Back by Request

A friend made a request of sorts, that I post again, because apparently my wrecked romantic life is so incredibly entertaining. Well, at least it is good for something. Nice to know, if nothing else, my love-lorn misadventures spark smiles and a bit of glee perhaps. Twisted, I know, but I can dig that. I like twisted. And let’s face it, I am a bit of whore for the attention. Speaking of which…. (does this even require a winking emoticon?)

First let me dispense with one woman who dispensed with me before anything really got started. We’ll call her — Lois. Yeah, I’m not particularly fond of that name either but for me it conjures up images of overly-tanned, chain-smoking retired snowbirds in Florida, which this woman is well on her way to being. I suppose that’s why I’m not very torn up over it not working out, or even getting started really. I don’t really want to date a smoker, and while I like the sun and the beach and a bit of color on my skin as well as a woman’s, I’m not all that interested in dating someone who bares a striking resemblance to an old baseball glove. Of course, that is an over exaggeration. She doesn’t look that bad…yet, or bad at all really. But it was clear that she thought I could use some color and preferred it, said she thought it “looked healthier.” Why do people think that? Seriously this looks healthy:

AAAAAAAAAAAAAAAAAAAHhhhhhhhhhhhhhhhhhhhhhhhhhhhhhhhhhhh!

Anyhoo… this woman does not look like that….again I stress yet.

We didn’t meet on a dating site. We connected via facebook. She was/is(?) an old childhood friend. Well, not even that. We sort of knew of each other in our youth, you know, but didn’t really know each other. It was one of those things — we friended each other because we knew each other’s names. Anyway, we went out for lunch when she was in town — she lives 2-hours a way, which presents a challenge but also perhaps an advantage in a way too, if you think about it — and texted and talked on the phone, and then I was supposed to visit her for the weekend, which she had originally suggested. Then the weekend came and she copped out. Good thing I made an effort to confirm otherwise I would might not have known it wasn’t going to happen. It was kind of annoying, but hey, what are you gonna do. She was apologetic and there was even the possibility of trying for another weekend, but it became clear that she was not interested and simply would not say so. Or perhaps she just wanted some attention, which is something I am finding a lot of women want, as much as they can get.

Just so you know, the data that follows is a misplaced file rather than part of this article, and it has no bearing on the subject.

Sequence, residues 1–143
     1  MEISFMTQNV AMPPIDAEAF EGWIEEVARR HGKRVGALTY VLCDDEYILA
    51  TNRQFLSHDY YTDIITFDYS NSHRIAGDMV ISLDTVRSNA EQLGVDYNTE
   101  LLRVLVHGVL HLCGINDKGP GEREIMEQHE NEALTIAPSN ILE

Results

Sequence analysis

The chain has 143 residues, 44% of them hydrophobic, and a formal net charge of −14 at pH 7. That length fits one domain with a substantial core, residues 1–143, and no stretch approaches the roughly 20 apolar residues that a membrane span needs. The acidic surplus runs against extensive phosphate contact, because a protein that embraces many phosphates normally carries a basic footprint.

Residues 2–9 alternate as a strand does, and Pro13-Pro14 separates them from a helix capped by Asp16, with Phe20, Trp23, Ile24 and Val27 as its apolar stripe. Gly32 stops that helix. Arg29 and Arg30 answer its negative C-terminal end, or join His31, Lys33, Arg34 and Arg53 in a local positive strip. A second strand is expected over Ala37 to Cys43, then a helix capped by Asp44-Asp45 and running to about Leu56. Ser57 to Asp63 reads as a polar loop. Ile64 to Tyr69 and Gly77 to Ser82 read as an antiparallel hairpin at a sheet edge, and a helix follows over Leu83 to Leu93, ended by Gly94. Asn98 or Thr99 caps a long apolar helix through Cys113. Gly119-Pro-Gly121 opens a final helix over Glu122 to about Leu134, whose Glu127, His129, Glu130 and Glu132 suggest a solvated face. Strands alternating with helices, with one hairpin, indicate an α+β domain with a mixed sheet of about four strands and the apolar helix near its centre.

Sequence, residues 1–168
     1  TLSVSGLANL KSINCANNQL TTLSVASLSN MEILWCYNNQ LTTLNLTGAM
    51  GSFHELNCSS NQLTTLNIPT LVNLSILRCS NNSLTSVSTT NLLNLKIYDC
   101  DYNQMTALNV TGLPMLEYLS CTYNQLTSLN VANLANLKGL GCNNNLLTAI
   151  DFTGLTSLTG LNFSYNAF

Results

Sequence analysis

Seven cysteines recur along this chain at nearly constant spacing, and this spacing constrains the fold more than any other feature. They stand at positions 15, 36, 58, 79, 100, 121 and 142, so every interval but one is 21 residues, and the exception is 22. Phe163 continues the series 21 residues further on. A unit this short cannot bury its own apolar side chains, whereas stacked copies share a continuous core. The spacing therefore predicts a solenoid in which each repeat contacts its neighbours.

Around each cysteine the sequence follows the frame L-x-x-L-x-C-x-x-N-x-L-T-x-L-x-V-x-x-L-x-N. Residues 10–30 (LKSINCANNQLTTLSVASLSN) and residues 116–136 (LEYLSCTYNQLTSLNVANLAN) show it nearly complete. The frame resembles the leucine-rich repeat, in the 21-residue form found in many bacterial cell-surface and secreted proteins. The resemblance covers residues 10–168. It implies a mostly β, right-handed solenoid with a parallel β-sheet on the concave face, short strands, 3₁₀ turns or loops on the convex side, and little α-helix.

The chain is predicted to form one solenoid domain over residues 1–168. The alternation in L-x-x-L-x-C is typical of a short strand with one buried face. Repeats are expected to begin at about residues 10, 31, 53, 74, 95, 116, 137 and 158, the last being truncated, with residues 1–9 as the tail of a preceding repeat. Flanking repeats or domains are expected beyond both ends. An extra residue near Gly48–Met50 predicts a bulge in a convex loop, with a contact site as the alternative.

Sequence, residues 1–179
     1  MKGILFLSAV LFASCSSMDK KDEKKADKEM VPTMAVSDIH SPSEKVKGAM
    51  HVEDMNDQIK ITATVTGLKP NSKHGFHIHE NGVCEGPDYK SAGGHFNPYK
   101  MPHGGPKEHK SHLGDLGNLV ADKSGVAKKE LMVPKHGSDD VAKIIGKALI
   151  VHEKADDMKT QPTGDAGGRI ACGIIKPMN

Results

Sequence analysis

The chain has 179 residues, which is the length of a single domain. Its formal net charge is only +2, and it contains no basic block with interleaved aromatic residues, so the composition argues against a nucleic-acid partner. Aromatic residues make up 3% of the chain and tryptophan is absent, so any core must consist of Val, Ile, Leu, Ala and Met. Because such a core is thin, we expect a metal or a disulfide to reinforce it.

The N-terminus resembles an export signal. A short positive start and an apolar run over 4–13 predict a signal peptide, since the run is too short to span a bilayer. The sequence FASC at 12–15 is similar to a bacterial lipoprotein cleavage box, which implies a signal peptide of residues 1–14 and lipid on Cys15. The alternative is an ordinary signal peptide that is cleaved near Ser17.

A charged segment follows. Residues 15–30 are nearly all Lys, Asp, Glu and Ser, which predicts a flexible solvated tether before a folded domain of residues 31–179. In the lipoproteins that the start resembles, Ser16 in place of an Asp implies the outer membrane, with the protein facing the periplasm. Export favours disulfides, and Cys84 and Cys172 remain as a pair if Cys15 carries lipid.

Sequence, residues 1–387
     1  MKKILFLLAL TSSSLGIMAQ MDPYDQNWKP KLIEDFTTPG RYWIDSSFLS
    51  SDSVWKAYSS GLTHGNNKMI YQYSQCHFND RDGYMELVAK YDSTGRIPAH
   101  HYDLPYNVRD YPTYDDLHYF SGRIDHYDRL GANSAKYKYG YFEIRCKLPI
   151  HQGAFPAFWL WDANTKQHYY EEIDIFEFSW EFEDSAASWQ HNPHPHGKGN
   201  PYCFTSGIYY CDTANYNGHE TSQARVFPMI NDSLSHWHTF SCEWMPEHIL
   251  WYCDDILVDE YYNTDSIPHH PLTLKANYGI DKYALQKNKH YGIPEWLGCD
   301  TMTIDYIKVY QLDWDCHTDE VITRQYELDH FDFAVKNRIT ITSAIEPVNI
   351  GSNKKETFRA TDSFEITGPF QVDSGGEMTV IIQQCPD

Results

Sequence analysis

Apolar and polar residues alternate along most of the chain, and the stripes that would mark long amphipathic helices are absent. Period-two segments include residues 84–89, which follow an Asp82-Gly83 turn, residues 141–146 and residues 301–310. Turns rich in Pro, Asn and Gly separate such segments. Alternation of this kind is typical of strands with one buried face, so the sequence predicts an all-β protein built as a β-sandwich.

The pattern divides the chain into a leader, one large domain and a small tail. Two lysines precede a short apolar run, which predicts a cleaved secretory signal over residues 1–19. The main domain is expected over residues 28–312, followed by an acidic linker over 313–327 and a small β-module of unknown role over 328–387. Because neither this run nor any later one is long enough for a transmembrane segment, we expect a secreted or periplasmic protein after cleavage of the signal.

Which brings me to the mid- to late-twenty-something type who admits to seeking attention outside of her “relationship” and having Daddy issues and having a high sex-drive, so much so that she could never see herself being with only one man for the rest of her life, but yet her current man is so good to her and is willing to tolerate her that she could never leave him, but she just can’t help wanting more blah blah blah. I won’t even give her an alias, but I will give her a description. She is what Tyler Durden from Fight Club would call a “Predator posing as a house cat.”

But those were just two quick hits on the way to my most recent dalliance, this time with an exotic, international beauty with dark skin and a big dark eyes, and long lush black hair. And who had a knack for keeping me on the phone so long that my cell bill this month is going to kick my ass. I can forget about any road trip vacations for the near future dammit. I’ll call her Tia. Why not? It’s as good as any name. Meh

Here’s the difference this time. I copped out on her. It became clear that her,um, lack of relationship experience had her pining for some kind of mythical true love romance that couldn’t exist in the most syrupy of fairy tales. And her obsession with shopping and brand name labels was annoying as shit. She actually wanted to meet to go shopping. Ugh! Why don’t women get that men hate shopping. Stop making us go, dammit! Go. Buy your shit with your girlfriends and let us stay home and watch sports or whatever the fuck it is we do.

I attempted to let her down easy, saying I didn’t think we were compatible, to which she proceeded to lobby hard in favor that we were. I listened, doubtfully, counting the minutes that were costing me $0.49 per and finally, and stupidly agreed tocontinue, although in what form was unclear. What the point of all this was lost on me. Until the next day when she texted me that essentially she didn’t believe a romantic relationship was possible, which made it clear that her whole compaign the night before was so that she could then “reject” me. This was fine with me, since it was what I wanted anyway. So I proceeded to delete her contact info, including blocking her on facebook, which she did not like at all. She wanted to know why I would do that? To which I replied, Why not?

Now she continues to text me asking banal questions such as, How was your day? And, how was work? And, wasn’t the weather nice today? Until I wanted to fucking shoot myself! And when I am non-responsive she gets pouty, like a child.

Something I realized, though. And that is this: I may not really have an interest in a serious relationship right now. Before I was married I wasn’t really interested in one. That was a relationship born out of circumstances and manipulation. Maybe I’d be more comfortable just being on my own. Apparently more and more people are opting for this option. In fact, according to this new book entitled Going Solo: The Extraordinary Rise and Surprising Appeal of Living Alone, by Eric Klineberg, the single person household is more prevalent in this country than the standard nuclear family.